This morning the Wiwi Jury flew to Jerusalem to check out the Holy City and to review Izabo’s ESC 2012 entry “Time.” Did the music catch our fancy and leave us begging for more? Or were we more interested in hitting the nearest falafel stand? Read on to find out.
Wiwi: I have to be honest: in the years Israel doesn’t send an over-the-top act, I rarely pay attention. And so it was this year. I didn’t actually listen to Izabo until this morning. I’m glad that I did. The video is among the kookiest we’ve seen this year, and it fits well with the song’s offbeat, quirky sound. It melds 1950s American Oldies with alternative rock, and I find it all rather pleasant. The wordplay is clever, too, particularly the section where Izabo attempts to seduce Time, who is relentless in pushing forward, and waits for no man: “Time, time, could you be mine?/ I will feed you songs and wine/ I’ll make you lazy, I’ll make you late/ Wait, wait, wait.” But in the end this song is like dessert at a bad all-you-can-eat buffet. If it’s there I’ll eat it. But if it’s not, I won’t really notice.
Vebooboo: Israel ain’t really part of Europe, but I’m so glad they’re in this competition. First they give us a bitchy transgender diva, now they give us these clowns who sing the cutest song with the sweetest tone in the refrain. If this doesn’t make the Final, I’ll be sad…but I’m sure one of the clowns can give me a pill or two to get over my gloom and doom.
Meows Kitty: This is a fun song and I think one of the more creative stage performances we will see in this year’s Eurovision. It’s not going to be everyone’s cup of tea, but hopefully the viewing public will appreciate something a little different and vote this into the top 10!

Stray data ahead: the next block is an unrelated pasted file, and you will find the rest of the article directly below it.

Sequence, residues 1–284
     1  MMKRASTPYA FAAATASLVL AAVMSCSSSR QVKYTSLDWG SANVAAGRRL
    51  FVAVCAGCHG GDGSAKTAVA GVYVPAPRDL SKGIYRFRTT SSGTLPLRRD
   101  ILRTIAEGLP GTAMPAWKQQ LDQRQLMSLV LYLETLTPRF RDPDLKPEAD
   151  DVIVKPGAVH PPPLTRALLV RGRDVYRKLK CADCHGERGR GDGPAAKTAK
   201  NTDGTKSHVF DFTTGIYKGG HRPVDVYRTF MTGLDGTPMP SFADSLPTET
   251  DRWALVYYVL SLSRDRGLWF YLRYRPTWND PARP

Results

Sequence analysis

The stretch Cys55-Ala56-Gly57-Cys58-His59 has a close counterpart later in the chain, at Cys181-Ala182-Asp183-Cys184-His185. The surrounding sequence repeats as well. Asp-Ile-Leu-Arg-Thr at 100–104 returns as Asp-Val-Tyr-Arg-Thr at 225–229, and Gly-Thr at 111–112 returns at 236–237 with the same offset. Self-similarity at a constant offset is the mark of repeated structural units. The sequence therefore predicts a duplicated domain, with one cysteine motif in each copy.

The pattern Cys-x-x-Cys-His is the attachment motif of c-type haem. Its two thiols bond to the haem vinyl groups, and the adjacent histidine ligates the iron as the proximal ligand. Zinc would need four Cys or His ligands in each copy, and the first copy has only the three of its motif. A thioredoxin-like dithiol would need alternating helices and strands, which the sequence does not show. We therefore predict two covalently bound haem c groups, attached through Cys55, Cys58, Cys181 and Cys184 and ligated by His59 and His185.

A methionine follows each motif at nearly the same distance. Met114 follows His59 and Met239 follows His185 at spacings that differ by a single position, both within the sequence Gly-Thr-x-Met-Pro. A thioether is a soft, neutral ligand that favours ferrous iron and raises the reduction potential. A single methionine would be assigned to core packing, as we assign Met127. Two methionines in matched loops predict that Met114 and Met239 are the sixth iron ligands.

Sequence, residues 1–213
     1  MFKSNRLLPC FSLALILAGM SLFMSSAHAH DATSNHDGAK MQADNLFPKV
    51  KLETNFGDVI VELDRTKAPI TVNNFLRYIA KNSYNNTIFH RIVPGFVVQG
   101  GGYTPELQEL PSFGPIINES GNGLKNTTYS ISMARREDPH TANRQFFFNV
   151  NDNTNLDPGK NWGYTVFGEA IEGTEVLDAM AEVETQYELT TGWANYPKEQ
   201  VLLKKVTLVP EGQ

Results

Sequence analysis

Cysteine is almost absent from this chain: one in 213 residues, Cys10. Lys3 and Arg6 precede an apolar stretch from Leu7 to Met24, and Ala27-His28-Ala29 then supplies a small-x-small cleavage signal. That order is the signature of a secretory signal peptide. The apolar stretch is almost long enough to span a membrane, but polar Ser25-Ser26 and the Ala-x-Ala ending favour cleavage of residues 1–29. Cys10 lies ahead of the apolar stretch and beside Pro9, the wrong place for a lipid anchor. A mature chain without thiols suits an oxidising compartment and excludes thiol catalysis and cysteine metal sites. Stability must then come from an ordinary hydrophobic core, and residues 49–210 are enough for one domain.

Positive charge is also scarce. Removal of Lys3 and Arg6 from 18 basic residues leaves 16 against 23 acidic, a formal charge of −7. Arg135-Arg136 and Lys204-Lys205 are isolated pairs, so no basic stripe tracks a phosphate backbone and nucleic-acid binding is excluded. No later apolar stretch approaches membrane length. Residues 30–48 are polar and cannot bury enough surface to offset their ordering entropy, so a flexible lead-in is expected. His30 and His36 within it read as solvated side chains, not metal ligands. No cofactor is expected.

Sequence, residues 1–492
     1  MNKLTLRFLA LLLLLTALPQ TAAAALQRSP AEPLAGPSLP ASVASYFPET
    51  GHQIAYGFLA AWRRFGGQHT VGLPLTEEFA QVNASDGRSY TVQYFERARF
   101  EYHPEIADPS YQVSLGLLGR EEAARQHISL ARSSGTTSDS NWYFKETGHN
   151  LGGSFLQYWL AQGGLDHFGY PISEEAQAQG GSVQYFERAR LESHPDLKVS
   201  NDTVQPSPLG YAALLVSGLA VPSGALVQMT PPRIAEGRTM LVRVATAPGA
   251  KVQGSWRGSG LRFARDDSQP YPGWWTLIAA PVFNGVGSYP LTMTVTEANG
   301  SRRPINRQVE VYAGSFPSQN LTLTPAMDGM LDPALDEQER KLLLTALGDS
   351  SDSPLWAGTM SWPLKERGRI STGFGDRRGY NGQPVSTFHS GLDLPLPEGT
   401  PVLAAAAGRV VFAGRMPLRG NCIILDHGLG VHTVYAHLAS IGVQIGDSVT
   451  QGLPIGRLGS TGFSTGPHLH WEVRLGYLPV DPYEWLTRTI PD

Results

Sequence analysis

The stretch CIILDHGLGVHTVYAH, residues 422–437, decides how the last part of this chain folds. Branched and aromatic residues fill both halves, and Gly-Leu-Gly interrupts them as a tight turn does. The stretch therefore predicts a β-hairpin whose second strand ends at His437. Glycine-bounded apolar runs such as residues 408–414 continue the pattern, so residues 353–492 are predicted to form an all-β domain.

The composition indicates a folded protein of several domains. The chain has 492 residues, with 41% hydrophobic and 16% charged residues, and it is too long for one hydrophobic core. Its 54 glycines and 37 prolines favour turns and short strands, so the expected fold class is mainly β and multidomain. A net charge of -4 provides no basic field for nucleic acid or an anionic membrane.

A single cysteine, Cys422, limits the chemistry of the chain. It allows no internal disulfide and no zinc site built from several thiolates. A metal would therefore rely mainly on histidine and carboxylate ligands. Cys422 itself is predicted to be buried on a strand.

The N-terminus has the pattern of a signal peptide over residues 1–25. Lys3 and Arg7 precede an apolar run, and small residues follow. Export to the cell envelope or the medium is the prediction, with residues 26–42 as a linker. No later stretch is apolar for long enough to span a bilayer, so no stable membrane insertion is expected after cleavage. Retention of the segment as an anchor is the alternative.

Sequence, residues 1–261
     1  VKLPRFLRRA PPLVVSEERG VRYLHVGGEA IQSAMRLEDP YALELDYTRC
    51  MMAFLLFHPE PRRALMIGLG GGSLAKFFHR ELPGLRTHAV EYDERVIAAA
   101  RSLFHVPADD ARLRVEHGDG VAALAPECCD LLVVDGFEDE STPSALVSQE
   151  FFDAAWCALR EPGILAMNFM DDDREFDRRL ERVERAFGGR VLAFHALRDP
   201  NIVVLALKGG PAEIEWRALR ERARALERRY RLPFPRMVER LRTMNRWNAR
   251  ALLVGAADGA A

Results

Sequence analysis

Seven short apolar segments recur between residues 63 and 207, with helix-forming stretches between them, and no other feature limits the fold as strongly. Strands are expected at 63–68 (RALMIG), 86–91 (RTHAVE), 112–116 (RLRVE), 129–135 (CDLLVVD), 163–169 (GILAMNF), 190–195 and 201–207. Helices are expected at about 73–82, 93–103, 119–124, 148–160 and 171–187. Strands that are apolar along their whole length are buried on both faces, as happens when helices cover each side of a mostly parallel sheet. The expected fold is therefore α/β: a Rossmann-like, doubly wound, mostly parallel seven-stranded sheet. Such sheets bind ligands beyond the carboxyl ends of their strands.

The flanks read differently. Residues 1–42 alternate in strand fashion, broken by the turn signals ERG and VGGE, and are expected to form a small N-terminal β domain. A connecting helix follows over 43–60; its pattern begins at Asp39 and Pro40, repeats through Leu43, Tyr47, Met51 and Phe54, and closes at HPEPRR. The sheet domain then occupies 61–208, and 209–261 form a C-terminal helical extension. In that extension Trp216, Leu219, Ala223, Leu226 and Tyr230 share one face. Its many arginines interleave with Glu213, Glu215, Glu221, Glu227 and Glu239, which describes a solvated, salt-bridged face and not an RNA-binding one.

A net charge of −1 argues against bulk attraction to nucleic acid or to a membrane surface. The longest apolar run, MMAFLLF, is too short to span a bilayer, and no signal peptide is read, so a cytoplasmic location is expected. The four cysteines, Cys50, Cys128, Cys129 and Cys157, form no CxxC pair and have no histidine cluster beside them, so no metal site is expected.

Deban: Historically, I’ve been partial when it comes to Israel. Exported music from the Promise Land ends up being some of my favourite foreign melodies. Even Dana International’s failed ESC return last year touched me: I went into mourning when she didn’t qualify.
Moving on, Izabo have carved a good pop number with elements of psychedelic rock. Its funky bass lines inspire toe tapping. It’s easy on the ear and irresistible not to swing to. There are no hidden political messages, or calls to prayer in the melody. Time is radio-friendly and uncomplicated. Its fusion of languages isn’t noticeable. This suggests great cohesion, and craftsmanship. Its nod to old school pop translates into something modern. Hopefully, this song will put Israel back into the finals.
The Wiwi Jury Verdict: 6.63/10